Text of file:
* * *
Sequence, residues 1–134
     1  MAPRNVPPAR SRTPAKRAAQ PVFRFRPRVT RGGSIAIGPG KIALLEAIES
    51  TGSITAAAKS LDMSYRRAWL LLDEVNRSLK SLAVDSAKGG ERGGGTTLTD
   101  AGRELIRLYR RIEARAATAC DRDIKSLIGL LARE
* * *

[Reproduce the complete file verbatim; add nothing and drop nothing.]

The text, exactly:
Sequence, residues 1–134
     1  MAPRNVPPAR SRTPAKRAAQ PVFRFRPRVT RGGSIAIGPG KIALLEAIES
    51  TGSITAAAKS LDMSYRRAWL LLDEVNRSLK SLAVDSAKGG ERGGGTTLTD
   101  AGRELIRLYR RIEARAATAC DRDIKSLIGL LARE